She worried about her own children, including the baby in her belly, as she struggled to cover the 65 kilometres to the border and the town of Songololo, about 10 kilometres inside Congo. "I was taken to hospital in Songololo and I could still hear the gunfire."

But the family was reunited in Songololo before being moved to Kilueka, which was a camp at that time. UNHCR provided the refugees with basic assistance. "I lived for a year under that plastic sheeting," Maria said, referring to the ubiquitous shelter material she received.

She said it was difficult leaving everything behind, "including our culture." Between 2003 and 2008, UNHCR ran a first voluntary repatriation programme that saw 59,000 people go back. But many, like Maria, opted to remain in Bas-Congo. "I wasn't ready to go back. I had a child who was sick," she explained.

Tuesday, June 21, 2011

Angola - Going Digital

Angola is now among the top three countries in the SADC (Southern Africa Development Community) region whose migration from analog to digital communication is in an advanced state. Angola now shares digital capabilities jointly with South Africa and Botswana in areas of digital public television, ministries of social communication, telecommunications and ICT ( Information and Communication Technologies).

While the digital format has long been the standard for European and western nations, Angola's "advancement from seven to 50% within 5 years is very noticeable in today's world, especially in Africa and other Third World countries", claims the secretary general of the International Telecommunications Union (ITU) Hamadoun Toure.

The digital migration is a change from the analogical system of communication and transportation of data to digital technology, which will provide better efficiency as well as the reduction of excess equipment of consumers in the use of communications and ICT.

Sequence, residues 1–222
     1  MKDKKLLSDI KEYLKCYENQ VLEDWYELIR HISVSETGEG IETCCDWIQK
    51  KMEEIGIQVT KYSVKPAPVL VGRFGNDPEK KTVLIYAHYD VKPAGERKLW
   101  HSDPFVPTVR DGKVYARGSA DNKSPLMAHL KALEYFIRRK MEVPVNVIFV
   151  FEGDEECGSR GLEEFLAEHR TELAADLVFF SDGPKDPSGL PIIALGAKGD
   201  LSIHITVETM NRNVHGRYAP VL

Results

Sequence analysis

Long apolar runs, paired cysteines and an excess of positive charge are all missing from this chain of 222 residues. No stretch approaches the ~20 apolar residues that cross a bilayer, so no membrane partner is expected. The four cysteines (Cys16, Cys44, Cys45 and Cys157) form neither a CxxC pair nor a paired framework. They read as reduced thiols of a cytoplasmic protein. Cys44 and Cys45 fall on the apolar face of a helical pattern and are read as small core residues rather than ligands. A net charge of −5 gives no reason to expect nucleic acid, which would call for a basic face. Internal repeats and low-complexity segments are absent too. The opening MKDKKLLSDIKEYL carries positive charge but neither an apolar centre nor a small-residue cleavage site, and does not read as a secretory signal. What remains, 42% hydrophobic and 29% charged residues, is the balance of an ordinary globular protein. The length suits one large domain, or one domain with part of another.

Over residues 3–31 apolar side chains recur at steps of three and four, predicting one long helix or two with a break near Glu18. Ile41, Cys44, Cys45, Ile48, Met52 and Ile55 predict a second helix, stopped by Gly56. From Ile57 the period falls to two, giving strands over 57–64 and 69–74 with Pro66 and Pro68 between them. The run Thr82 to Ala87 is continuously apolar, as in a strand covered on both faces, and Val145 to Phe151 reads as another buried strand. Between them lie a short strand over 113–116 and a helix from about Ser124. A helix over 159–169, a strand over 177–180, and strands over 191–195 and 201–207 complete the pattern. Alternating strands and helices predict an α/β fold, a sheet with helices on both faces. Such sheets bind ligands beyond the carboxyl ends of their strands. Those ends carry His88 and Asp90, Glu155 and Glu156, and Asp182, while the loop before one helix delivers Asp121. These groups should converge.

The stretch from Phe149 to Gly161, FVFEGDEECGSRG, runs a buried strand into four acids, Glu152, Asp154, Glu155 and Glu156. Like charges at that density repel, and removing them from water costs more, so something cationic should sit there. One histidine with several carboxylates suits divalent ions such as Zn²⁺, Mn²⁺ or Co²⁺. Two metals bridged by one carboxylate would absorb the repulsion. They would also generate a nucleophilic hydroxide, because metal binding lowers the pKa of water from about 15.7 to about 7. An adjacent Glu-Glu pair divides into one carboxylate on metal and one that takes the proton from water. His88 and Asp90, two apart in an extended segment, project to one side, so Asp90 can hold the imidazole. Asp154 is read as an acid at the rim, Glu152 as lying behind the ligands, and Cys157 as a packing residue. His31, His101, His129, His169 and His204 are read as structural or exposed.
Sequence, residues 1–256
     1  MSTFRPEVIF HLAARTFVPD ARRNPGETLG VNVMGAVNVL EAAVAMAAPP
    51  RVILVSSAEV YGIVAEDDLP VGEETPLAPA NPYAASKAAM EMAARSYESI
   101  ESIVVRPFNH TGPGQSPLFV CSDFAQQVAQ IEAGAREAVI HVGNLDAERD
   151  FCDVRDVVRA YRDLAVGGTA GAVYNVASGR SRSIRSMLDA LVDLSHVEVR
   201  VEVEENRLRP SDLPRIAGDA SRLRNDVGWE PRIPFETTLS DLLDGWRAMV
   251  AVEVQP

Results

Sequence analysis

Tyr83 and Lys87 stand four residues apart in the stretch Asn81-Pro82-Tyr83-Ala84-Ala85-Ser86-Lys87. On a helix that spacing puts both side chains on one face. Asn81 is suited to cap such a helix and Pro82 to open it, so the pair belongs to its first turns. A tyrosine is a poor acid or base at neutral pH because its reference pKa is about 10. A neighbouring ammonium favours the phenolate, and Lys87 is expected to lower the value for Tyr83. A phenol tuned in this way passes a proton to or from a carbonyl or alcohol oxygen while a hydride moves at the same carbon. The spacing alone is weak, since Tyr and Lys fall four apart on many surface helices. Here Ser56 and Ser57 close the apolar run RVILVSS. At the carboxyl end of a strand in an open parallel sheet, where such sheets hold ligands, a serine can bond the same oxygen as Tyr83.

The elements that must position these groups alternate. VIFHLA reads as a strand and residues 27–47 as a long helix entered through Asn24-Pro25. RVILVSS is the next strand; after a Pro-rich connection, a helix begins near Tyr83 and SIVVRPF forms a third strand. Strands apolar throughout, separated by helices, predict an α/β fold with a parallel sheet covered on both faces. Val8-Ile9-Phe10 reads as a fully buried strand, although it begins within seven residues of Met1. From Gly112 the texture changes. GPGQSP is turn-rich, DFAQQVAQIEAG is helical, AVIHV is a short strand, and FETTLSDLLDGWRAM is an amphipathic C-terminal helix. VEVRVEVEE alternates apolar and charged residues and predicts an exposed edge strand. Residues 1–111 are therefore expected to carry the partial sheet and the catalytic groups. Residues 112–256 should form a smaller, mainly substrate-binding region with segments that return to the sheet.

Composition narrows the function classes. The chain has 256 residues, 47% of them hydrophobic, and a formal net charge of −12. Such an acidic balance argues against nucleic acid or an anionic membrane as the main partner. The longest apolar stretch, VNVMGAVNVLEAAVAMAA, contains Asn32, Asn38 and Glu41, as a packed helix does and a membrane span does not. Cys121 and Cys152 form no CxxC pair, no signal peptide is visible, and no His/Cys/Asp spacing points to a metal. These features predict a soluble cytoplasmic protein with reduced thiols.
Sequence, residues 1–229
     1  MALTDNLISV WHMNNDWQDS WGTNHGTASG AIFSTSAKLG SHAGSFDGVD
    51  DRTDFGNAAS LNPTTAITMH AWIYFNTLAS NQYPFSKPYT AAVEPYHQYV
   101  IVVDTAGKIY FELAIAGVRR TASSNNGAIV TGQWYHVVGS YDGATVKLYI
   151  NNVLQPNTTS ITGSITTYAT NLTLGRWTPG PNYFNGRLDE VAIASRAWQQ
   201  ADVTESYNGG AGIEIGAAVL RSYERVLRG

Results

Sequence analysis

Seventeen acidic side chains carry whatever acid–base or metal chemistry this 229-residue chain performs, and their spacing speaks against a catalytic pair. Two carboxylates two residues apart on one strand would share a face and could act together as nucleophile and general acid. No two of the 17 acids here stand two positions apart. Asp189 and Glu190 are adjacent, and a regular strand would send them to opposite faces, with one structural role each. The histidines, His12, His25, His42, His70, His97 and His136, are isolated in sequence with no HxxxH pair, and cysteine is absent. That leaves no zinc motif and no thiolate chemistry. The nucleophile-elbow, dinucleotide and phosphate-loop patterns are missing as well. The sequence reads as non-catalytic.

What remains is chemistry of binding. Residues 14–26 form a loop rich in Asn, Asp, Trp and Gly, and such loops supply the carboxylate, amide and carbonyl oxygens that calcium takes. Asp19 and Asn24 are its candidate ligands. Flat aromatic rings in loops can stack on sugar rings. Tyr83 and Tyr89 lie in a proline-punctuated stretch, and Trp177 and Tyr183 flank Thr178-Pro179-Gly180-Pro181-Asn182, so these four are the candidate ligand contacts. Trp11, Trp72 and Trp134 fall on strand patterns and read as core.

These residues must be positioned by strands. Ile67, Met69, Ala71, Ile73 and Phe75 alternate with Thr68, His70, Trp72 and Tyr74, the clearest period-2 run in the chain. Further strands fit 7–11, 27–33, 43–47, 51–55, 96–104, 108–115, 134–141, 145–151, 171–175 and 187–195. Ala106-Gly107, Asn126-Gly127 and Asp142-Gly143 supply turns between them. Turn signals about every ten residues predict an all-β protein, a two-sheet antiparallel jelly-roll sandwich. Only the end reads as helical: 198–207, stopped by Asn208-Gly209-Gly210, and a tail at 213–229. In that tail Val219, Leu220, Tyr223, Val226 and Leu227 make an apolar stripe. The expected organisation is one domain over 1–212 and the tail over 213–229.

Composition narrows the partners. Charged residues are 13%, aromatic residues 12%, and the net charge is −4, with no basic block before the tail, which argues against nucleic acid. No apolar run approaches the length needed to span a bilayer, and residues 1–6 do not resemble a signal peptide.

The Angolan government has just inaugurated a mobile ICT Center to take ICT to users situated in isolated areas around the country.  The mobile USD$30,000 Ndola Digital mobile ICT center is one of several to be rolled out in various regions of the country.   The first center includes 16 PCs, a printer and a projector for audiovisual lessons.

Angola's minister of Higher Education, Science and Technology, Maria Candida Teixeira, said the mobile centers would help provide education and digital inclusion to under-served communities. (ANGOP)

Friday, June 17, 2011

Angolan Albinos: Living with Health and Social Challenges

Albinism is a genetically inherited condition which affects some 2000 Angolans, according to World Health Organization statistics. While in Europe and the United States albinism affects about one in 20,000 people, in some parts of Africa the rate is as high as one in 1,100.  The prevalence of this rate is mainly attributed the ritual intermarriage practices of Africans to people within their own tribe, thus propagating the condition.